Supreme Court rules online retailers must pay sales tax
In a landmark decision for retailers and consumers around the country, the U.S. Supreme Court ruled Thursday, June 21 that states can require online retailers to collect sales tax.
The vote in the case of South Dakota v. Wayfair was close, 5-4, with Justices Alito, Ginsberg, Gorsuch, Kennedy and Thomas voting in favor of South Dakota, which sued Wayfair Inc. and two other online-only retailers. Chief Justice Roberts and Justices Breyer, Kagan and Sotomayor dissented.
The ruling overturns a 26-year-old precedent stemming from the case of Quill v. North Dakota that stated retailers that do not have a physical presence in a state or location do not have to collect sales tax on purchases. That case involved mail order catalogs.
“A virtual showroom can show far more inventory, in far more detail, and with greater opportunities for consumer and seller interaction than might be possible for local stores,” Justice Kennedy wrote in the decision. “Yet the continuous and pervasive virtual presence of retailers today is, under Quill simply irrelevant. This court should not maintain a rule that ignores these substantial virtual connections to the state.”
Chief Justice Roberts penned the dissent, stating it was not the role of the court to change the rule, but that of congress.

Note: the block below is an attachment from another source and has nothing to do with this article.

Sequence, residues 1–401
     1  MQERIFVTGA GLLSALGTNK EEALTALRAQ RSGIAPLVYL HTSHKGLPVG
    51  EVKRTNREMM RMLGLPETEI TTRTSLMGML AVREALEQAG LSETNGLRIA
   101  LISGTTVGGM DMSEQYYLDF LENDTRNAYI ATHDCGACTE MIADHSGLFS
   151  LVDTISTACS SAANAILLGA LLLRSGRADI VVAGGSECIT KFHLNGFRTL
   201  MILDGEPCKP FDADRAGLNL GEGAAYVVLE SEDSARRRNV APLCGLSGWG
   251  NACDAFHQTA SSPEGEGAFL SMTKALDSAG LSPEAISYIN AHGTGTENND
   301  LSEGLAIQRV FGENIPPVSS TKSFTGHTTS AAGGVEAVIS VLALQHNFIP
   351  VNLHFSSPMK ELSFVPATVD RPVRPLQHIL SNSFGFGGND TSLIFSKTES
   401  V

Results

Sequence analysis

“E-commerce has grown into a significant and vibrant part of our national economy against the backdrop of established rules, including the physical-presence rule,” Roberts wrote. “Any alteration to those rules with the potential to disrupt the development of such a critical segment of the economy should be undertaken by Congress. The court should not act on this important question of current economic policy, solely to expiate a mistake it made over 50 years ago.”
The defense also pushed for congressional intervention, should any be required, arguing that there are 12,000 taxing jurisdictions nationwide. Forty-five states have sales tax laws, although many cities and other designated areas have additional sales tax stipulations.
The National Retail Federation lauded the decision.
“Retailers have been waiting for this day for more than two decades,” said National Retail Federation President Matthew Shay in a statement. “The retail industry is changing, and the Supreme Court has acted correctly in recognizing that it’s time for outdated sales tax policies to change as well.”